The Office of the General Staff on Thursday launched an investigation into the discovery of a slum house used as an arms depot in the Umraniye district of Istanbul last week; a case that seems to have connections to an armed gang set up by former army officials uncovered during previous violent attacks.
The existence of the group was first suggested in a 1998 armed attack on a former head of the Human Rights Association (İHD), with further evidence provided by the 2006 attack on the Council of State, which left one senior judge dead.
In a press statement released Thursday, the General Staff said a military prosecutor had also launched an investigation into explosives and guns found in a retired army personnel's home. The statement comes one day after a police raid that revealed the existence of another home-turned-arms depot owned by a retired army member. Eight people, including retired Capt. Muzaffer Tekin -- who had earlier been held by the police during an investigation into the Council of State shooting -- were arrested as part of the Ümraniye investigation, which also led counterterrorism teams last Tuesday to another house belonging to retired Maj. Fikret Emek in the central Anatolian town of Eskişehir, where a large quantity of explosives, guns, fuses and other ammunition were stored.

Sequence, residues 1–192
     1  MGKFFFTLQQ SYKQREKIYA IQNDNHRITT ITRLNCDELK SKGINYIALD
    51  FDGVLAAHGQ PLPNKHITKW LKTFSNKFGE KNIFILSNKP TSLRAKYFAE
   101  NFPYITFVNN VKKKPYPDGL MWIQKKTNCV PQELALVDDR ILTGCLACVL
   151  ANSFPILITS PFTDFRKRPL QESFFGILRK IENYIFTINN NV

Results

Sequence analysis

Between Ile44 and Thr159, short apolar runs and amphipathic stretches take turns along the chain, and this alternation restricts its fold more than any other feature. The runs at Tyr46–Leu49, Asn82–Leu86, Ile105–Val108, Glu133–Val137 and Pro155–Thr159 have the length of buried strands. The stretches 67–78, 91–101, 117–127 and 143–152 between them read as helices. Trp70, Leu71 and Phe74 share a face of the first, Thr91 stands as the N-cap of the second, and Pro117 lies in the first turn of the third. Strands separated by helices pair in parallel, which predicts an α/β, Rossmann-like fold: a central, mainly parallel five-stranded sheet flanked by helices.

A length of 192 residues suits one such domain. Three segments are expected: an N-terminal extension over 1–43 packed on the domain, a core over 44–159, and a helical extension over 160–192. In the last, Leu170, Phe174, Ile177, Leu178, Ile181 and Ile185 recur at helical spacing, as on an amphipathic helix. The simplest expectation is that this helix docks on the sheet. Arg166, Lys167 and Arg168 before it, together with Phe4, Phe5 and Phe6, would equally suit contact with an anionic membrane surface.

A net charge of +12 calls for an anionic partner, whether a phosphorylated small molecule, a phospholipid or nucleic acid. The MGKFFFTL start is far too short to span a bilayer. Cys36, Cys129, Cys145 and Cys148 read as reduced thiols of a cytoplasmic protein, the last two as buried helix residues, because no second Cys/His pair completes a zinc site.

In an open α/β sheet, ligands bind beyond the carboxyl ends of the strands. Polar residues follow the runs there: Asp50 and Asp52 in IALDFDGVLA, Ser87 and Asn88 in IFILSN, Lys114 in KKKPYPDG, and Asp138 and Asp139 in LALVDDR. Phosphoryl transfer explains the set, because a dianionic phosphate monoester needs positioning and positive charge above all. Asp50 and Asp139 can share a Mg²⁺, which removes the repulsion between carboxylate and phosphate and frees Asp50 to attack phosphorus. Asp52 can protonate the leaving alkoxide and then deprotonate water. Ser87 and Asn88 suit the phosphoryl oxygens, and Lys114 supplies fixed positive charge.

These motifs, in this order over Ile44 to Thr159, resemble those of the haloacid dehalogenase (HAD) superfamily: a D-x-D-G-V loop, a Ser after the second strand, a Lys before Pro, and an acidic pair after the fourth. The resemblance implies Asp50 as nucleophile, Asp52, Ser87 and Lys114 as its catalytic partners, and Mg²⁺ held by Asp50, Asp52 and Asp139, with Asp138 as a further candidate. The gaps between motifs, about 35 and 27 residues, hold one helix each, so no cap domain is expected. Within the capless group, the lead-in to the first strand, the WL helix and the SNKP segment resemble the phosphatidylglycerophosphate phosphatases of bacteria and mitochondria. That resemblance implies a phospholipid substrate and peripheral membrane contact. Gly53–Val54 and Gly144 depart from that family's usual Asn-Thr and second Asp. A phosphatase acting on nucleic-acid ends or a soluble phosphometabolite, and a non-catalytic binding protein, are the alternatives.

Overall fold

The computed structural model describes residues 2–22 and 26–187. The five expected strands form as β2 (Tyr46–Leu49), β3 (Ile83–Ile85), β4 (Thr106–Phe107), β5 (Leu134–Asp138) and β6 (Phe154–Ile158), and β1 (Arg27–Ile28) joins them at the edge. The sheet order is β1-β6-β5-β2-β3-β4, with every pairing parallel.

The General Staff's press release said that interrogation of the retired military personnel as part of the Ümraniye and Eskişehir investigation fell under the scope of military prosecution.
Tekin, taken into custody and released during last year's investigation of the Council of State attack, described retired noncommissioned officer Oktay Yıldırım as being "like my son." The latter is alleged to be the owner of the hand grenades found in Ümraniye.
Investigators searching Tekin and Yıldırım's computers found encrypted files that included plans from an organization named "Ergenekon," details about the organization and classified minutes from National Security Council (MGK) meetings. However, a statement from the MGK in the middle of this week denied that any such meeting minutes had ever been acquired by third parties.
The connections between the three incidents pushed an Ankara court investigating last year's Council of State attack, also connected to a bombing of Cumhuriyet daily the same year, to expand the inquest to include information uncovered during the Ümraniye investigation.
Commenting on the Ümraniye incident, Prime Minister Recep Tayyip Erdoğan last week expressed his opinion that connections revealed by investigators working on the case are fairly descriptive of the Turkish concept of "deep state."
"Just look where the links of the Ümraniye incident led," he said in response to a journalist's question about his understanding of the deep state -- a phenomenon thought to be responsible for behind-the-scenes operations carried out by a network of influential individuals nested within the state apparatus.
Today's ZamanLast Mod: 29 Haziran 2007, 11:18